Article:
The police are the public and vice versa


Police killed in attack in Mottram, Greater Manchester

One can see it etched on the faces of young bobbies just beyond the fluttering tape which marks the edge of the crime scene. The murder of two of their friends and colleagues has left them in deep shock and grief.

There is anger in their eyes too, but they know above all they must remain professional. Greater Manchester Police find themselves in the role of both crime investigators and crime victims.

The killing of policemen and women in the line of duty is mercifully rare on mainland Britain. A total of 76 officers have lost their lives since 1945, each one a tragedy but a roll of honour that reminds us these crimes are notable for their unexpectedness.

Indeed, before we consider how society might respond to the deaths in Manchester's Tameside district on Tuesday, it is probably worth reminding ourselves that homicide (murders and manslaughter cases) are at their lowest level for almost 30 years. Gun crime has been falling steadily for a decade - in 2011-12 there were 39 fatal shootings, 20 fewer than the previous year.

PC Fiona Bone and PC Nicola Hughes were killed in the attack Police believe PCs Fiona Bone and Nicola Hughes were deliberately "drawn" to the scene

What emerges from the police briefings and local chatter is that decent communities on the outskirts of Manchester have been infected by the toxic morality of organised criminal gangs. It is a cancer that senior officers admit is hard to destroy because the law-abiding are frightened to co-operate.

Even a substantial £50,000 reward for information leading to the capture of Dale Cregan did not loosen tongues. People must have known where he was - he is a well-known and distinctive character - but in the end he gave himself up to police on Tuesday.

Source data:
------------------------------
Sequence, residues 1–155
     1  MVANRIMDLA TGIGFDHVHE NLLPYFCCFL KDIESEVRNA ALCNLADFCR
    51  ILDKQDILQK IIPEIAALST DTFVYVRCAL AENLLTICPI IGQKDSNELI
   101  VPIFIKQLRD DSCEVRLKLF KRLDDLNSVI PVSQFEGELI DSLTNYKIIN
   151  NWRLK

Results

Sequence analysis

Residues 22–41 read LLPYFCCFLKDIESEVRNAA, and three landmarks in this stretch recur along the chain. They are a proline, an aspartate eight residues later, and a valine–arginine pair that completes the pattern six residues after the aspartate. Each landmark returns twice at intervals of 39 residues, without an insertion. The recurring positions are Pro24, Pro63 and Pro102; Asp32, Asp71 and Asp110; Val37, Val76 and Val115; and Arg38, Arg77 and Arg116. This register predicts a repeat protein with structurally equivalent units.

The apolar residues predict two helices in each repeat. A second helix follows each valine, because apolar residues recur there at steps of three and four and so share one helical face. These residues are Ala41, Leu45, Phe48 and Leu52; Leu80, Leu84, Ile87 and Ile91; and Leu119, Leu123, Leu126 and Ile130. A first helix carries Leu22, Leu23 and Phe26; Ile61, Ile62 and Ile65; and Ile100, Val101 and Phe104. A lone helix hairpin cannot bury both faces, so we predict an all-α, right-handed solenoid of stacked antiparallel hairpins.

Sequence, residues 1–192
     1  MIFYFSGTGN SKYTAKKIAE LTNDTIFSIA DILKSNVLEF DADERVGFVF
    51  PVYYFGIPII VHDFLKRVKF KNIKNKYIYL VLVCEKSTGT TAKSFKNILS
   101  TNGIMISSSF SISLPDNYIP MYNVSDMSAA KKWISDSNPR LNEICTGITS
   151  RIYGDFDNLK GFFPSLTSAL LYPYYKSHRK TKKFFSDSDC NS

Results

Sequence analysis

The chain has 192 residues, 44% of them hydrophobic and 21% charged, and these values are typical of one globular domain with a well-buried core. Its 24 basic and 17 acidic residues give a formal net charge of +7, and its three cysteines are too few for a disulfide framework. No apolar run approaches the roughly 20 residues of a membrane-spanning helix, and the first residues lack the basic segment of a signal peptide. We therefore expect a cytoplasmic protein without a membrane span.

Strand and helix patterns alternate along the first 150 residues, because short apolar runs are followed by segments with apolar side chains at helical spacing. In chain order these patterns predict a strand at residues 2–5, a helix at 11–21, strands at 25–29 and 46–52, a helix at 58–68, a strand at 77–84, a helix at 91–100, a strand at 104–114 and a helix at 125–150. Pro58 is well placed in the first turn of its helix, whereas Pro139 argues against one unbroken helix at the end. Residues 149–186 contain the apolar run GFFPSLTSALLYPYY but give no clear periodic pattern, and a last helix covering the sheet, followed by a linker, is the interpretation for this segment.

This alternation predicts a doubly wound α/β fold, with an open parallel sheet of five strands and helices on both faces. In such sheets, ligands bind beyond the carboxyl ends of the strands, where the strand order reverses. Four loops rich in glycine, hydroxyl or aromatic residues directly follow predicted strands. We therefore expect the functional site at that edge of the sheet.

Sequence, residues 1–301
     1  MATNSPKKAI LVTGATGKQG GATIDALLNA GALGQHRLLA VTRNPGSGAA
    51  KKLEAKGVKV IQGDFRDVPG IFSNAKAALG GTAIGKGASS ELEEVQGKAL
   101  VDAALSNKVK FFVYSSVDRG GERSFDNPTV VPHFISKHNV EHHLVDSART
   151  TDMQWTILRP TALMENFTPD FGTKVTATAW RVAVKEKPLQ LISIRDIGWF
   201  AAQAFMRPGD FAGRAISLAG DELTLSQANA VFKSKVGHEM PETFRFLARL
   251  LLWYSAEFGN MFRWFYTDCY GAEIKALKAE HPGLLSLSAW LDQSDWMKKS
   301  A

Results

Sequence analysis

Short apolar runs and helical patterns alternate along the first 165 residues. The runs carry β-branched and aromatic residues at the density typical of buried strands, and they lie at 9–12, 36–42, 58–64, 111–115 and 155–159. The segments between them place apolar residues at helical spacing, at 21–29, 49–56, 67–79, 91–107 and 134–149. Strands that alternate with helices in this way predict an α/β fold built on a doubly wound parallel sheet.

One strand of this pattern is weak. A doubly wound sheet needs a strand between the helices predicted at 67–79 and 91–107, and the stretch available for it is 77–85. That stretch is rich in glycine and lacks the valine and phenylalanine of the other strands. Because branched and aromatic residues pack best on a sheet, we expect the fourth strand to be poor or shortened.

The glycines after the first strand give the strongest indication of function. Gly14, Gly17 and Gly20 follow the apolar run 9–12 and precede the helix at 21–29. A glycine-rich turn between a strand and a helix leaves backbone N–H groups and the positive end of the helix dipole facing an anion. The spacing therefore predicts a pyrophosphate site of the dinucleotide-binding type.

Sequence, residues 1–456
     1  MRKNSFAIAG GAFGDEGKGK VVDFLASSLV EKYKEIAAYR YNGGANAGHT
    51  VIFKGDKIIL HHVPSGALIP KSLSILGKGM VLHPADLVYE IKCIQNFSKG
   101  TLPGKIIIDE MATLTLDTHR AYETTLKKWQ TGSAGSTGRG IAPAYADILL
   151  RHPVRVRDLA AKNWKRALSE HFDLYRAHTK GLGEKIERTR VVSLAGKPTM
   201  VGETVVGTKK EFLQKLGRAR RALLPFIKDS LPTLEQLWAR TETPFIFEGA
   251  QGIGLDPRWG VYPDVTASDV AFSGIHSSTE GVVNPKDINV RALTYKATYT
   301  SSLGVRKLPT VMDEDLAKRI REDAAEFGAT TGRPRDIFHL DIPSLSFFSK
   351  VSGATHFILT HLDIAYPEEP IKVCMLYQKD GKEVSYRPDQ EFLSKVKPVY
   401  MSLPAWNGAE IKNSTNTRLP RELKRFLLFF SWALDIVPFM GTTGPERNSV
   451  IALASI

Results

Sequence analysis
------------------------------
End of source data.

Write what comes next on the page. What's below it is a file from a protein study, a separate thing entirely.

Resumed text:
Indeed, there is evidence that Cregan enjoyed some popularity on the estates where he operated. In the warped world of gangland politics, the issue can be less about what is right and wrong and more a simple case of "whose side are you on?"

Police use of firearms 2010-11

  • Authorised in 17,209 operations, says Home Office figures for England and Wales - a decrease of 1,347 (7%) on previous year
  • 6,653 authorised firearms officers - (5% decrease)
  • 13,346 operations involving armed response vehicles (6% decrease)
  • Three incidents in which police discharged a conventional firearm (down from six incidents)

In thinking about how to break down what was described as a "conspiracy of silence", the Chief Constable of Great Manchester Police Sir Peter Fahy has told me that key is the question of legitimacy. Only if people in his city believe that the officers on patrol share the values of the communities they serve can one ever expect to break the omerta - Italian for code of silence - his detectives encounter.